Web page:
Is the market convinced by OPEC’s outlook?
Last week the OPEC secretariat launched the 14th edition of its flagship annual publication, “World Oil Outlook” (WOO2020). It coincided with the 60th anniversary of the group.
It is the first time the publication has extended its time-frame to 2045, providing an additional five-year window to examine energy sector developments from supply and demand to policy and technology, demographic trends and, of course, the environment.
The report noted that the economic recession triggered by the coronavirus disease pandemic led to the “sharpest” downturn in energy demand in history. At the same time it looked forward to a number of other demand scenarios that may impact the petroleum industry in the decades ahead.
Despite the pandemic, it expects oil to remain the largest contributor to the energy mix through 2045, accounting for more than 27 percent, followed by gas (25 percent), and coal (20 percent). However it did lower its overall growth forecast for demand, partly reflecting the impact of emerging climate policies that continue to re-shape the industry.
It predicts an increase of nearly 10 million barrels per day (bpd) over the long-term, rising to 109.3 million bpd in 2040, a downward revision of over 1 million bpd from its 2019 outlook.
It further expects global demand to rise to 109.1 million bpd in 2045. Global oil demand stood at 99.7 million bpd in 2019. Hence OPEC sees oil demand plateauing in the late 2030s and starting to weaken by 2045.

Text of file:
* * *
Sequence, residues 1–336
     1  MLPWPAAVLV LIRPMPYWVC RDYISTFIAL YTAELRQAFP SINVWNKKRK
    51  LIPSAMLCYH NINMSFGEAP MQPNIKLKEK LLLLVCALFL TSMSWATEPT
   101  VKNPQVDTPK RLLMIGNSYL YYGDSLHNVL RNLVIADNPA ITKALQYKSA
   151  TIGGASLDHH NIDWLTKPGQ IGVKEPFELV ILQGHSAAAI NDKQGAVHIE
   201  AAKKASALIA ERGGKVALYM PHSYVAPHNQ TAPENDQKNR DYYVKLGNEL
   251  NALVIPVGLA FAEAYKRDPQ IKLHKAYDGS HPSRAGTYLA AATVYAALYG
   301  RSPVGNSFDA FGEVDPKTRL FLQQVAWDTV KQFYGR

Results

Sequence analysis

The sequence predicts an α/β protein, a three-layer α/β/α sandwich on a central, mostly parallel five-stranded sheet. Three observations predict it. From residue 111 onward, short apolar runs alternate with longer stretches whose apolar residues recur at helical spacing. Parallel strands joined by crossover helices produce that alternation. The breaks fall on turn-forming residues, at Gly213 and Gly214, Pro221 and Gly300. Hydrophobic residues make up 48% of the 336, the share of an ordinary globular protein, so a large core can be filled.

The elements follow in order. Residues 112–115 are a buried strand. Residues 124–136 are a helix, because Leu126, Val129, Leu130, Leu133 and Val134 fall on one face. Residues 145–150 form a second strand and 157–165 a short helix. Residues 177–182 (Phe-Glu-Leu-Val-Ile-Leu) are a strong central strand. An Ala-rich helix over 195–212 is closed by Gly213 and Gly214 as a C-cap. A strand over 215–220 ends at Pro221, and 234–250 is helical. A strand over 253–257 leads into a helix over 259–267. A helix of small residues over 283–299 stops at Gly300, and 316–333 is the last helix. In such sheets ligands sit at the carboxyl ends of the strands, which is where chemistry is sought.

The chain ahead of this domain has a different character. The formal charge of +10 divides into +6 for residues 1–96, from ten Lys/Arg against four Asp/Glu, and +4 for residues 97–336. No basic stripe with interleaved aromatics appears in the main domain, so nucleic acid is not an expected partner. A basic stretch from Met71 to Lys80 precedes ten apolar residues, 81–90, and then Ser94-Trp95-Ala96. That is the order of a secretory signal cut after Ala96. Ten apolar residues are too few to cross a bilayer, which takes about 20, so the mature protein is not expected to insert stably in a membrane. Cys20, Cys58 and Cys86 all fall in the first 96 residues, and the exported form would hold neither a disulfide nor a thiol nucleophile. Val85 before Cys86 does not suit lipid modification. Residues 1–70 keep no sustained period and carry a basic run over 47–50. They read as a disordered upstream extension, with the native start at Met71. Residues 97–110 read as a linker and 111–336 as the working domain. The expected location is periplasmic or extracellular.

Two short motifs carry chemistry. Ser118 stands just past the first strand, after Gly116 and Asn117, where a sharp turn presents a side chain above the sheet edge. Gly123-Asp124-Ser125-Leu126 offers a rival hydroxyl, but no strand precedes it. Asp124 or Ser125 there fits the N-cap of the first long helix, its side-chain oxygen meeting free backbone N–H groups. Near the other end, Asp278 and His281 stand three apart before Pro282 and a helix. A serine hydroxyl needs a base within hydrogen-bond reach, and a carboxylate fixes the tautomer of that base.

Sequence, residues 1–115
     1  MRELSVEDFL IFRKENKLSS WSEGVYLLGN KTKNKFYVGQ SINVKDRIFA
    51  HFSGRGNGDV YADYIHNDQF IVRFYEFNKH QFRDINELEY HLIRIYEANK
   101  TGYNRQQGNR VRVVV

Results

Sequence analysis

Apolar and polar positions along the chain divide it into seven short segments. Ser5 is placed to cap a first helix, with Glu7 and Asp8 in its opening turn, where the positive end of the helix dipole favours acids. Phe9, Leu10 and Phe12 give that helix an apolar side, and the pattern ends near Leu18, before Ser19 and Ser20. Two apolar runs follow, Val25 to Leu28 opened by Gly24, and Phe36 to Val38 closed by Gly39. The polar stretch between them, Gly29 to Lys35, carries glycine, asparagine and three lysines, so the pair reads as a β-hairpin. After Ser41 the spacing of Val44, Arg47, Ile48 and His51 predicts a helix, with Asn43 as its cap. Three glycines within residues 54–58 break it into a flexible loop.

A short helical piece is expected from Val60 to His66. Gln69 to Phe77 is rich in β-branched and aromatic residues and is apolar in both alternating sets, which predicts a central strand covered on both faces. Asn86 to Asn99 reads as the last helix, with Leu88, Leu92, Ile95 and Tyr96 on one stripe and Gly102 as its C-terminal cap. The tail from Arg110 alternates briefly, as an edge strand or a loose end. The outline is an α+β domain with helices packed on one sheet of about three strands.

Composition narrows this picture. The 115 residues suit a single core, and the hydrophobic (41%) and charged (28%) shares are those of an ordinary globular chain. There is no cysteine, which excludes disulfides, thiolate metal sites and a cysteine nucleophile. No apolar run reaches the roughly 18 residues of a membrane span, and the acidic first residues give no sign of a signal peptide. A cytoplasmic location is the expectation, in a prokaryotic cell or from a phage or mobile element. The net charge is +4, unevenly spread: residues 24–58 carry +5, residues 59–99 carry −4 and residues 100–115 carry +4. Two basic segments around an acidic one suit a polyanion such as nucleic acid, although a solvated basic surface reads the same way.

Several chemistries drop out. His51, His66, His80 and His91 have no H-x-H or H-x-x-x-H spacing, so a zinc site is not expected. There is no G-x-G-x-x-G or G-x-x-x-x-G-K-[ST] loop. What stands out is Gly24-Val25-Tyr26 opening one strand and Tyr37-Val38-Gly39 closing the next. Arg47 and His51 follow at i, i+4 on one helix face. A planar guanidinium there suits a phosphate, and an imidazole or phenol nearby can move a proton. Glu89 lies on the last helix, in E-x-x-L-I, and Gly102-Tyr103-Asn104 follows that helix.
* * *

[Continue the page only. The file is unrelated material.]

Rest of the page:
On the supply side, OPEC forecasts US shale oil to recover quickly as market conditions improve, but it does not expect the industry to reach the heights it projected in previous outlooks. Over the longer term, it sees US shale oil production starting to decline from 2030, similar to previous outlook scenarios.
One area that was neglected by the OPEC Secretariat in its assessments was the proportionately higher cost of renewables projects in a low oil price environment
Before the pandemic, low oil and gas prices were unlikely to delay or kill renewable projects or drains investment into the sector. But in the post-pandemic world, this price elasticity has changed drastically and may need to be reassessed by the OPEC number crunchers.
• Faisal Faeq is an energy and oil marketing adviser. He was formerly with OPEC and Saudi Aramco. Twitter:@faisalfaeq
Disclaimer: Views expressed by writers in this section are their own and do not necessarily reflect Arab News’ point-of-view
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